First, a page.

SACCORD says the discomfort raised by stakeholders over the printing of ballot papers locally should not be ignored.
Southern African Centre for the Constructive Resolution of Disputes SACCORD executive director Boniface Chembe, in an interview yesterday, said the printing of ballot papers locally should not be a source of tension, conflict and division among Zambians.
“It will not be good for us to ignore issues of discomfort that stakeholders may raise. Let us consider printing ballot papers locally but in so doing, let us address all issues of discomfort that various stakeholders may have around such a process. As SACCORD, we believe that the debate in terms of printing ballot papers for the 2021 election should start now. We need to move away from this culture of dealing with very sensitive issues three, four, five, six months before the actual event. So, it is important that this process starts now but a committee to be able to address these issues should be set up. The committee should fulfil all characteristics of a comprehensive consultation process but most importantly address the concerns that various stakeholders may have so that we make everybody as comfortable and as satisfied as possible for us to be able to undertake this particular endeavour domestically,” Chembe said.
“The printing of ballot papers at home must not be a source of conflict; it must not be a source of division and it must not be a source of tension. We must use it as an opportunity for unity, harmony and ultimately a source of us being in charge of our electoral and democratic process.”
SACCORD, however, said the printing of ballot papers locally would erase the conflict and tension brought about by the printing of ballot papers internationally.
“We welcome the printing of ballot papers locally. We do so considering the amount of tension and conflict that the printing of ballot papers has caused when this has been done abroad. This goes back to the 2016 general elections and many other elections that the country has held prior to the 2016 general elections. So, in an effort to ensure that we try to erase the conflict and the tensions that are brought about by the printing of ballot papers internationally, we believe that the printing of ballot papers locally should be explored for a number of reasons. The first being the conflict aspect and the second is the issue of cost. If you look at the entourages that require to go and inspect the printing of ballot papers internationally, it [amount of money involved) is quite colossal,” Chembe said.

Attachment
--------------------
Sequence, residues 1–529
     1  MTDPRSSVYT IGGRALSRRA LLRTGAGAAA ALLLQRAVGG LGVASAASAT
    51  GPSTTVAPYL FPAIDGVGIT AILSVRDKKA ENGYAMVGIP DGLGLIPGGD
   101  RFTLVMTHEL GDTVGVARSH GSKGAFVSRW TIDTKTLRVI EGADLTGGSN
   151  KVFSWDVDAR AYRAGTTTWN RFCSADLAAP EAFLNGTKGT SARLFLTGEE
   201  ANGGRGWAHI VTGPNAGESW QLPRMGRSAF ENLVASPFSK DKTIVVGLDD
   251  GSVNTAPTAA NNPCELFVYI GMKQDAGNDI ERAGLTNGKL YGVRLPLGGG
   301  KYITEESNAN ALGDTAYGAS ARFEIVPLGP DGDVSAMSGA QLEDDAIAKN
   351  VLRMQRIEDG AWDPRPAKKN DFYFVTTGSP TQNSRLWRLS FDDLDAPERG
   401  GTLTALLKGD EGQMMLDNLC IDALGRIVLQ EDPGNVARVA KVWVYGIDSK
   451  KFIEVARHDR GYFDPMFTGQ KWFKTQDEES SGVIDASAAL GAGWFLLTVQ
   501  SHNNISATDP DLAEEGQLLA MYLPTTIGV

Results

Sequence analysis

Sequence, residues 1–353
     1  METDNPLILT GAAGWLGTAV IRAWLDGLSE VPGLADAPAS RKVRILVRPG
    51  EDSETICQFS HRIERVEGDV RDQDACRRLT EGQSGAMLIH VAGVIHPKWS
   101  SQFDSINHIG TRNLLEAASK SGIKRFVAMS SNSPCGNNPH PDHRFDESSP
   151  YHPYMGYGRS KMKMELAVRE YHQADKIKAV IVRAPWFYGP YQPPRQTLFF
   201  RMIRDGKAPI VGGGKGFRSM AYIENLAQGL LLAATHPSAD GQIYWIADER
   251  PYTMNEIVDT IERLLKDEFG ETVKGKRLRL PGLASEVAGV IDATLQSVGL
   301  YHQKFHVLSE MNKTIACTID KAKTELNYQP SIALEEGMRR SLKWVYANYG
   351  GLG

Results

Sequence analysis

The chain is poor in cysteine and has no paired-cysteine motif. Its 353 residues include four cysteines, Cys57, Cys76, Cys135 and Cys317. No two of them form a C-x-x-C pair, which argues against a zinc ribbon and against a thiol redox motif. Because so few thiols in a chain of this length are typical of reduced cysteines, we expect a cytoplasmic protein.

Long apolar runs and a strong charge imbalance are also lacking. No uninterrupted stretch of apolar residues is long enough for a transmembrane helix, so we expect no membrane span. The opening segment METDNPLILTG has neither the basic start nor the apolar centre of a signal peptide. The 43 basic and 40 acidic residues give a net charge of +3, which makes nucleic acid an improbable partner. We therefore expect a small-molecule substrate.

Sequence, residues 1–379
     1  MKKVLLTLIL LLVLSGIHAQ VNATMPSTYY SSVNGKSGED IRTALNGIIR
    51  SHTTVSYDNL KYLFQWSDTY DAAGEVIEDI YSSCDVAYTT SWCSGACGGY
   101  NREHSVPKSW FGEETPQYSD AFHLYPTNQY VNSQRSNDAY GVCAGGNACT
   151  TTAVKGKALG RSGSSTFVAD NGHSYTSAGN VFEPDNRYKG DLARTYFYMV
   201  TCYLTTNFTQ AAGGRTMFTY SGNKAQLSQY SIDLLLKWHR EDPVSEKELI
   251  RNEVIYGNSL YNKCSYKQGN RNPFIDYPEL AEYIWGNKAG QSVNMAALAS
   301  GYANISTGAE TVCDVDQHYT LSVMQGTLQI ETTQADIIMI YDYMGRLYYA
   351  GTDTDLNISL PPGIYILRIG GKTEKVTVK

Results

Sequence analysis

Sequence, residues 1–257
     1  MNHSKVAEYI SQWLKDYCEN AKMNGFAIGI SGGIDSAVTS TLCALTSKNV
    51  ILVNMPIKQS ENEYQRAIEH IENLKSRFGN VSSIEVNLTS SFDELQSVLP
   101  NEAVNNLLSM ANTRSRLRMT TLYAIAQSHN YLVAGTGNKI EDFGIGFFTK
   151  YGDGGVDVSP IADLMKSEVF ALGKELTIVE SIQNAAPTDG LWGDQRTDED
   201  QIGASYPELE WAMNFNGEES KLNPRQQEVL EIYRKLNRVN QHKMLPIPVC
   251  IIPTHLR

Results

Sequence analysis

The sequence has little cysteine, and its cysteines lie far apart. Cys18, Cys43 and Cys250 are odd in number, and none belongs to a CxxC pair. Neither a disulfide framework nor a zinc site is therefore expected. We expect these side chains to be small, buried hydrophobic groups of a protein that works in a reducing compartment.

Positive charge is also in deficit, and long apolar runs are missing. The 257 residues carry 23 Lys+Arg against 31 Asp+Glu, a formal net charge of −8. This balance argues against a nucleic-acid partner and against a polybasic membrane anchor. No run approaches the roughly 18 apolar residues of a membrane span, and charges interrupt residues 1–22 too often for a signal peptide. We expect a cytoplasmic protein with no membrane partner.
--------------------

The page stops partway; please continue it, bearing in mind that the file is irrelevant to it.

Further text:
“Our view is that if we are able to save the huge sums of money spent on those entourages and pump it in our economy, it will go a long way in helping us sorting out our many issues. Now, with this position, we take note that various stakeholders may be uncomfortable with the printing of ballot papers locally and if there are any issues of discomfort, it is paramount that the government addresses them.”
He advised that the committee to be constituted on the local printing of ballot papers must be multi-partisan.
“We have taken note of the committee that the Vice-President hinted will be put up to be able to address this issue of printing ballot papers locally. That committee must be a multi-partisan committee but also a multi-stakeholder committee that should involve civil society organisations, the church, media, traditional leaders and any other stakeholders in the electoral process,” said Chembe who added that the discussion around the printing of ballot papers locally should be discussed to its logical conclusion.